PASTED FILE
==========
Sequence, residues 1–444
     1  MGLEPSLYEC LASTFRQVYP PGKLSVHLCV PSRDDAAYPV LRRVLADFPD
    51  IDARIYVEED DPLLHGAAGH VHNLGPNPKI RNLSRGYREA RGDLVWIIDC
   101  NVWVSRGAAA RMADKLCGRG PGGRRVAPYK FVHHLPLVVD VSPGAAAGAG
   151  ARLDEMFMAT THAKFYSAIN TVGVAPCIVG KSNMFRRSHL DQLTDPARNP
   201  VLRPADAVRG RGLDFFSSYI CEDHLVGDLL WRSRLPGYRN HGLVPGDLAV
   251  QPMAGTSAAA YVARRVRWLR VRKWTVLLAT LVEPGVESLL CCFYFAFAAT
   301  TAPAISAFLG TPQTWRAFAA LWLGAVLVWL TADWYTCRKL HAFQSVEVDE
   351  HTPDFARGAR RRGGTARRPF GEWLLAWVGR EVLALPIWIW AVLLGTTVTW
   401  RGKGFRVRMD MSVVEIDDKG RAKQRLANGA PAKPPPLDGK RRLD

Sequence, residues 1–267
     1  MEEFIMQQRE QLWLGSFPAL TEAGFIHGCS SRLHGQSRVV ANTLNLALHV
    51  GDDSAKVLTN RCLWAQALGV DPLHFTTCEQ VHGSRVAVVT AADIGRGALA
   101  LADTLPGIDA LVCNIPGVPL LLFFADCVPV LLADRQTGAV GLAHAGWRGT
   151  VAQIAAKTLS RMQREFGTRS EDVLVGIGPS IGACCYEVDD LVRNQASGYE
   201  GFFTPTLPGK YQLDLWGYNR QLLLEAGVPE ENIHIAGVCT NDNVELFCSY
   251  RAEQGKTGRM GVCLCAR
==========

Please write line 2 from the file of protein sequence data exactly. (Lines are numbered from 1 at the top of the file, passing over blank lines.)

     1  MGLEPSLYEC LASTFRQVYP PGKLSVHLCV PSRDDAAYPV LRRVLADFPD